This week’s Wiki-Wednesday article is about the challenges of capturing savings due to cost reduction and avoidance. One of the sections addresses Total Cost of Ownership (TCO), and the difficulties of calculating and reporting on those costs.
In the month of June, our featured publication will speak directly to TCO recognition opportunities and difficulties, specifically with regard to consumable supply categories. 'Lean TCO for Fat-Free Consumables: Minimizing Consumable Supply Total Cost of Ownership' by Tim O’Meara, president of VPCard, has had a long career as a supplier and a lean process practitioner. His book advocates putting lean practices in place – those that increase value by minimizing waste – in order to reduce costs in the supply chain.
The fact that he writes from a supplier’s perspective means that many of the cost reductions are felt first by the supplier and second (as pass through savings) by the buying organization. Although at first glance it may seem like a lot of work to save your supplier money, working towards pass through savings has an advantage – if the savings can be seen at the line item level, then it is much easier getting the rest of the organization to recognize them.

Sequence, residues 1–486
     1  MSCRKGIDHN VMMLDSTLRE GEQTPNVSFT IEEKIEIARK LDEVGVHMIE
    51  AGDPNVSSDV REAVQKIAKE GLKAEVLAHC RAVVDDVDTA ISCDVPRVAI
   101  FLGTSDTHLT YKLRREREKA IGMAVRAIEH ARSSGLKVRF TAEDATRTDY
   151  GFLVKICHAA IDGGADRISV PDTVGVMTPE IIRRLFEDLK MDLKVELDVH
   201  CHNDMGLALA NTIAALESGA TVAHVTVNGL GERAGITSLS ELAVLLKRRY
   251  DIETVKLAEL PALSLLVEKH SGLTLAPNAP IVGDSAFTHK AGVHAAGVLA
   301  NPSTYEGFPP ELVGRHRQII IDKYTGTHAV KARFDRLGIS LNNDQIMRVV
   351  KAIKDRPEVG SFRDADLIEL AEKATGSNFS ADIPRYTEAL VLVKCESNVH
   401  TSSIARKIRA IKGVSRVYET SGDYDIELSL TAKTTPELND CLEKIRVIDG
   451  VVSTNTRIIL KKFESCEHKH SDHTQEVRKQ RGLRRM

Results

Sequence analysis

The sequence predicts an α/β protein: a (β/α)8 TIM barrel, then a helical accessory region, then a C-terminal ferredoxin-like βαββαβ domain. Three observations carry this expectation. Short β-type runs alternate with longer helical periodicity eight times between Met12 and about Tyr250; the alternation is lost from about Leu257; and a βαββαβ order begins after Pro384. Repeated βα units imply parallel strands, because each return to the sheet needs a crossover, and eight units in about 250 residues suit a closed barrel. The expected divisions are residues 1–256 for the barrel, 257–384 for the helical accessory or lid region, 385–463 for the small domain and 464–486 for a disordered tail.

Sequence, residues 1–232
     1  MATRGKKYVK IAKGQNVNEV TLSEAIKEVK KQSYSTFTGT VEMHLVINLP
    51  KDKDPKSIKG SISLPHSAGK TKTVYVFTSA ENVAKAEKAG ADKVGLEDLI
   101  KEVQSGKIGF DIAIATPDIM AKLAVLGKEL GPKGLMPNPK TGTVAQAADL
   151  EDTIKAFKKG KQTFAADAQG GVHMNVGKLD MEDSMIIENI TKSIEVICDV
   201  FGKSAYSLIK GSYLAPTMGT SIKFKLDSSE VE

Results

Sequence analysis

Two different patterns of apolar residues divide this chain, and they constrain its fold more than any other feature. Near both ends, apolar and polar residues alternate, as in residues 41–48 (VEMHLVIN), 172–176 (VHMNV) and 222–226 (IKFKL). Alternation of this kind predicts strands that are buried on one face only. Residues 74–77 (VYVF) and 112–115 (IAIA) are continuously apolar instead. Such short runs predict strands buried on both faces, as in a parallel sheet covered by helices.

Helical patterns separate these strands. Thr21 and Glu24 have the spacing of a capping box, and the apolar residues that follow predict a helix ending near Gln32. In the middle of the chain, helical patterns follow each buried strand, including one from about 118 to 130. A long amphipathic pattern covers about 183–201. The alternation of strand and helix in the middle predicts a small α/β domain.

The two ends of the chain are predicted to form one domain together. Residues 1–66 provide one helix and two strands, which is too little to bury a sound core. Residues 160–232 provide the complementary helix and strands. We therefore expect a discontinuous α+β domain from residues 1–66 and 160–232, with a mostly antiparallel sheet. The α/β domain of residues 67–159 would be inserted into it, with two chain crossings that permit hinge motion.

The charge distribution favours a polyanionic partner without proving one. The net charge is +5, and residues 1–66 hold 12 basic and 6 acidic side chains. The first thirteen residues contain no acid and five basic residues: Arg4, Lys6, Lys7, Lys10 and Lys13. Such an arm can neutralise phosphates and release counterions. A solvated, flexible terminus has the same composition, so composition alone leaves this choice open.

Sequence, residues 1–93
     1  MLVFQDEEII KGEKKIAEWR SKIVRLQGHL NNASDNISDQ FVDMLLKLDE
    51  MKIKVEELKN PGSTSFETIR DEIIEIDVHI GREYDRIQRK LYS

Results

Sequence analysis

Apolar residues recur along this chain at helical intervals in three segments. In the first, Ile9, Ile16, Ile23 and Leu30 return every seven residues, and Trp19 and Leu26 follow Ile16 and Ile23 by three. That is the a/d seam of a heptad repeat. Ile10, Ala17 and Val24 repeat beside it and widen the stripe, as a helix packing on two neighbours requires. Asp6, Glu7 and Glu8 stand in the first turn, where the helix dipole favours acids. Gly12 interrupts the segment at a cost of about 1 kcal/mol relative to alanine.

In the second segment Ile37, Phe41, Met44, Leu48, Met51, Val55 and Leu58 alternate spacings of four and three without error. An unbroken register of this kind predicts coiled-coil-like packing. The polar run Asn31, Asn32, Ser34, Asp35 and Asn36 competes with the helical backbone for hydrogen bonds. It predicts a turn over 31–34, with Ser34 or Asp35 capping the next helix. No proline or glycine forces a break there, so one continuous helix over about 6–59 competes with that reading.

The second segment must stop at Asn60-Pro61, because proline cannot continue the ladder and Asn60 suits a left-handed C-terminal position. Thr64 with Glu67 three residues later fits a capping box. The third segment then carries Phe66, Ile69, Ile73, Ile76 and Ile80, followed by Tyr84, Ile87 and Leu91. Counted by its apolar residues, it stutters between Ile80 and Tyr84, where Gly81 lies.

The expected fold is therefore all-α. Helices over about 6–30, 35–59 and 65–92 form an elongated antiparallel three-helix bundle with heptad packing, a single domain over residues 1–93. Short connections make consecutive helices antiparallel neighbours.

Think of this as a ‘laundering’ process. Procurement needs to increase efficiency as opportunities are uncovered. But if we try to claim that internal savings ourselves, it is called ‘soft savings’ and either discounted or not recognized at all by the rest of the organization. But if we can run that savings to our company back through the supplier, it gets counted. So maybe not all of the savings makes it all the way back to our bottom line, but getting credit for some of the savings is better than getting credit for none of it.
Watch our site starting next week for a review and other information on Lean TCO, and by all means consider buying a copy of the book to get some great ideas for how to start applying lean practices within your own supply management program.